"It's just always different things every time," Ravens defensive tackle Haloti Ngata said. "We just have to bring a complete game — a team game — at away games, and hopefully, we can get wins."
As usual, much of the onus will fall on quarterback Joe Flacco, who needs to play much better away from home and avoid the slow starts and key mistakes that plagued the Ravens last year. Fourteen of Flacco's franchise-record 22 interceptions came on the road last season. He also completed just 57.6 percent of his passing attempts on the road, compared with 62 percent at home.
While Flacco has gone into hostile environments and led his team to several big wins in his career, he's been a different quarterback on the road. He has thrown 10 fewer touchdown passes on the road and 13 more interceptions. His completion percentage, quarterback rating and yards per attempt drop precipitously when he goes on the road. But he also has been sacked 29 more times in his career on the road than at home.
'Stick to fundamentals'
Flacco said Thursday that the key to performing better on the road is to "stick to the fundamentals and play quickly."
"I think when you do those things right there, just simple things like that, you allow yourself to go play free and not worry about too much mentally," Flacco said. "I think when you play slower, you try to do too many things sometimes. It's tough to do that on the road. One thing here or there could snowball into a bad couple of plays, and before you know it, you're running off the field. So I think if we stick to the fundamentals, if we play quickly, we'll help ourselves out a little bit."
Operating Jim Caldwell's offense last season, Flacco had a lot of responsibility and freedom at the line of scrimmage to change plays and make adjustments. The crowd noise in opposing venues made that problematic and led to communication issues.
First-year offensive oordinator Gary Kubiak's new offense has simplified things for Flacco, who has fewer decisions to make when he prepares to run a play.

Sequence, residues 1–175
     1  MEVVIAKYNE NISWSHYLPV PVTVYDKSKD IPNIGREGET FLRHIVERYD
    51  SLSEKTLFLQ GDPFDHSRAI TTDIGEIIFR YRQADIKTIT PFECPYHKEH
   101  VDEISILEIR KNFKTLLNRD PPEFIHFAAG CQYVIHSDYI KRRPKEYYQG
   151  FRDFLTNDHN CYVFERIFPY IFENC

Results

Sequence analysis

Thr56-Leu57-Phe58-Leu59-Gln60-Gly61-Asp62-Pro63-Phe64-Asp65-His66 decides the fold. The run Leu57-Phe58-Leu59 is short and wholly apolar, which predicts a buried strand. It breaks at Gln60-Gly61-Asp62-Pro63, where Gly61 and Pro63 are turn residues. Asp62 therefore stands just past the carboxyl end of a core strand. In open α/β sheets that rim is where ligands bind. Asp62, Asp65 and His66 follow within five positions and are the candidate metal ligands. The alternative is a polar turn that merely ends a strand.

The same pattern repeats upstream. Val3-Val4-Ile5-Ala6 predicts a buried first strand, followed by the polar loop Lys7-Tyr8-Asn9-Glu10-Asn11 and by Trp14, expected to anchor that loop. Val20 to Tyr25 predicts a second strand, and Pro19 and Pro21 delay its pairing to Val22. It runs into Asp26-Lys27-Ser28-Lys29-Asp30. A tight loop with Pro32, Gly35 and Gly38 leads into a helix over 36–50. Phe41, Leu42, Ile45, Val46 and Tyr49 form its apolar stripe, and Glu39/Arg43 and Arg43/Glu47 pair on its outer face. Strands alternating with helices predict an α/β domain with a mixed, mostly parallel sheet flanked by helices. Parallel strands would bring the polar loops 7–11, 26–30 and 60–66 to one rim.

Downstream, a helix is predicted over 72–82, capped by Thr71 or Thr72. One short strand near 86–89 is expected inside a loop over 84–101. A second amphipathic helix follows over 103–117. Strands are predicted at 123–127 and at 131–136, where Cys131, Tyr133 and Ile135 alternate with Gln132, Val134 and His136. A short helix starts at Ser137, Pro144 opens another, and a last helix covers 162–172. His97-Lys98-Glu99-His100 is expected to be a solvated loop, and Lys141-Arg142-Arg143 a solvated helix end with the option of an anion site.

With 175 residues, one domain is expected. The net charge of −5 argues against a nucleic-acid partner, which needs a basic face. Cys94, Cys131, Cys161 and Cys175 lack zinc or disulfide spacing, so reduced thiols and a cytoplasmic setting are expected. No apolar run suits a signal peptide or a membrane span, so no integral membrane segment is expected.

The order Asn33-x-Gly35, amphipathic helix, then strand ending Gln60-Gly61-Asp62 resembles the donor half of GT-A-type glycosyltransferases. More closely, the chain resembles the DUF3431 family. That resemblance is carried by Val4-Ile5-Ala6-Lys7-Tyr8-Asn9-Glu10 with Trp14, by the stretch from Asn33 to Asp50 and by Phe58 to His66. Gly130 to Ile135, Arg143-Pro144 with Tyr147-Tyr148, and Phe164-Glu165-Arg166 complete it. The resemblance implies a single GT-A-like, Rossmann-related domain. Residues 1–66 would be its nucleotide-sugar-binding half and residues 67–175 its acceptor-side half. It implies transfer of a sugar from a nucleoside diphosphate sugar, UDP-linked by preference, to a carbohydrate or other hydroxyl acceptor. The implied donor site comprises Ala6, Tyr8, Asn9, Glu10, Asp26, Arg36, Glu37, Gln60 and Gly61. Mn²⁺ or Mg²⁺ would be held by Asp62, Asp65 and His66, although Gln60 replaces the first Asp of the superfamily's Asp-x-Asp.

"We're going to go out there and we're going to be able to play well, and this offense probably has a little bit [of] something to do with it," Flacco said. "It probably has a little bit of an effect, more so his philosophy of going out there and playing on the road. I think it matches up well with his offense and what we've been doing over the last couple of months. This will be our first real test."
In practices preparing for the Browns, Harbaugh pumped in deafening noise to simulate what the Ravens expect from the notoriously rowdy Cleveland crowd. Browns fans usually save their best for their hated rivals, and many Ravens said this week that they expected more vitriol than usual in the wake of former running back Ray Rice's domestic-abuse scandal. Browns fans also are feeling pretty good about their team, coming off a home upset of the New Orleans Saints last Sunday.
"We know we're going to be hated, so we're not worried about that," Ravens outside linebacker Terrell Suggs said.
The Ravens also know that there are few better feelings than going into an opposing venue and silencing the crowd.
"The No. 1 thing you have to do is have poise. John has done a good job this week, and [you] see how loud it is when we practice. It has been very loud. I can promise you that," Kubiak said. "So we're preparing for that. But [in] the National Football League, you go on the road, and if you can't handle noise and you're jumping offsides and you're having penalties and you don't protect the ball, it's very, very difficult in this league. So that's bee a big point of emphasis this week, and hopefully, we can handle our end of the bargain there. We have to play clean."